13. Ll Language Play A way for children to learn and acquire language knowledge. Language play involves the use of rhymes, tongue twisters (alliteration), songs, and poems. It is designed to promote learning in a fun environment.
14. Mm Morphemes The smallest meaningful unit in a word. Example: The word dogs has two morphemes. Dog -root word S plural morpheme
15. Nn Norm-Referenced Tests This type of test is designed to compare a group of students. On a norm-referenced tests most students will be in the average range, very few will be above average, and many students will be below average. The results to the test will look like a bell-curve.
16. Oo Open-Class Words Words that refer to only one concept. Children generally start using them during the Two-Word Stage, age 11-24 months. Milk
17. Pp Phonemes The sounds in a word. Phoneme recognition can be taught using games, songs, learning games, and hands on activities.
18. Qq Questioning Can be used to asses comprehension. It can be written or verbal and comes in two forms. Divergent- more than one answer can be correct. Convergent-only has one correct answer.
19. Rr Reciprocal Teaching An activity that is designed to help struggling readers improve their comprehension skills. In this activity the teacher engages the student in a conversation that focuses on four main components. Summarizing Questioning Clarifying Predicting
20. Ss Syntax Is the way that words are arranged in a sentence. It follows the basic sentence structure used in the English language.
21. Tt Top-Down Approach A literacy development strategy that uses the meaning based approach. The top-down approach begins with the whole text, focusing on meaning. It then works backwards through paragraphs, sentences, words, syllables, graphemes and phonemes to teach literacy.
22. Uu Using Parts of a Book It is important for students to learn how to use all the different parts of a book to help with comprehension. They should be encouraged to use the index, glossary, charts, table of context, and diagrams to aid in comprehension.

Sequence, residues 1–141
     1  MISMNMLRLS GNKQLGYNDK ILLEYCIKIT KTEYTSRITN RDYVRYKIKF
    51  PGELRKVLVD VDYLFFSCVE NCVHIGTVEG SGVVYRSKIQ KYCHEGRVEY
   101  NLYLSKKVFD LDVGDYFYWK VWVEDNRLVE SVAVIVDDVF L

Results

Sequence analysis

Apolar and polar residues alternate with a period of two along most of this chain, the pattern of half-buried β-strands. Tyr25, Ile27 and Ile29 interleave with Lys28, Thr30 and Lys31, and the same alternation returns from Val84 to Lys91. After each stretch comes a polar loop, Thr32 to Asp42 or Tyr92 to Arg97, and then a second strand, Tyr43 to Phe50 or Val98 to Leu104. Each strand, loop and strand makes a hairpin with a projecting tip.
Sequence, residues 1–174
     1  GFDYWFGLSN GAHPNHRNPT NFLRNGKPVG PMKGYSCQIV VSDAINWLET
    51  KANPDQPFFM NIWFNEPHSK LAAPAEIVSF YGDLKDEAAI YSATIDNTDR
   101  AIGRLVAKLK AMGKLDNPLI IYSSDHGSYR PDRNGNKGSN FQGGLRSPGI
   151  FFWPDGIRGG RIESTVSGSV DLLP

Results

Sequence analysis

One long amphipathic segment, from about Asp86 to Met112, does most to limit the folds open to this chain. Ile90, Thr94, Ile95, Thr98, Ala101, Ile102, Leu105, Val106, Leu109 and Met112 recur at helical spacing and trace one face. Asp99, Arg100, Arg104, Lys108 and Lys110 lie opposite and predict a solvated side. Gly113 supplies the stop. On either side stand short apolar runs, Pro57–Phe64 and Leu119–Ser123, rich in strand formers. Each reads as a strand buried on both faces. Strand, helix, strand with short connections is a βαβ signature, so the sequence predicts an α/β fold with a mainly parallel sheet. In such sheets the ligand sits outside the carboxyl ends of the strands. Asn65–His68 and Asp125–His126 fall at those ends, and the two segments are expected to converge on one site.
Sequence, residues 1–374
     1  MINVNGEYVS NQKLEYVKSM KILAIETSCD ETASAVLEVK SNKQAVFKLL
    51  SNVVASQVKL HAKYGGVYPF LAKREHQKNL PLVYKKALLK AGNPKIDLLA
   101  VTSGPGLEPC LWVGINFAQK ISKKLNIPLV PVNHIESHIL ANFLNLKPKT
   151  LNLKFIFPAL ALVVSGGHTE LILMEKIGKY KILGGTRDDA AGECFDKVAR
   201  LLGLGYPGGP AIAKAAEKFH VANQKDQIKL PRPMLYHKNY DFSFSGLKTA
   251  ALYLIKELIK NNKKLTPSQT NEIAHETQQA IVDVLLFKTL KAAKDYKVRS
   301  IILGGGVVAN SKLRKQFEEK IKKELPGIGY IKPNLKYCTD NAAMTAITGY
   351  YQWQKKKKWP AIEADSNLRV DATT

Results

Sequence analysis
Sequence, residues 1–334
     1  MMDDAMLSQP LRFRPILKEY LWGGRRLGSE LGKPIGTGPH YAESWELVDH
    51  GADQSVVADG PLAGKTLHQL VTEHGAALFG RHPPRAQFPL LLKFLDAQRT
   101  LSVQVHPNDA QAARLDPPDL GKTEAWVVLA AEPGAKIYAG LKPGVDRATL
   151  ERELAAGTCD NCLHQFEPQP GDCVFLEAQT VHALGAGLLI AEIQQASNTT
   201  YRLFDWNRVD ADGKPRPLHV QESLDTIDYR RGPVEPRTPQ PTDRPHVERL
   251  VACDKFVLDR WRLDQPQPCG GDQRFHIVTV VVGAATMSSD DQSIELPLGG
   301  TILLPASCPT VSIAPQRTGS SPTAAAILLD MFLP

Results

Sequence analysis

23. Vv Visualizing Students need to learn how to see what they are reading in visual images. This strategy helps to improve understanding about the text they are reading.
24. Ww Whole Language Approach Dr. Kenneth Goodmans work lead to the creation of the Whole Language Approach. This method involves teaching readers to recognize whole words as pieces of language. It also focuses on meaning and strategy instruction.
25. Xx Lexicon Is the vocabulary of a language. It is also the alphabetical arrangement of words in a language and their definitions.
26. Yy Syllabication Is the ability to separate words into syllables. This is a necessary skill in phonological awareness. To help students learn to recognize syllables the teacher can use voice intonation at the beginning and end of syllables.
27. Zz Graphic Organizers Students can use graphic organizers to organize information in a visual manner. There are many different types of graphic organizers below are a few of the most common ones: KWL chart Venn Diagram T Chart Semantic Web Trifold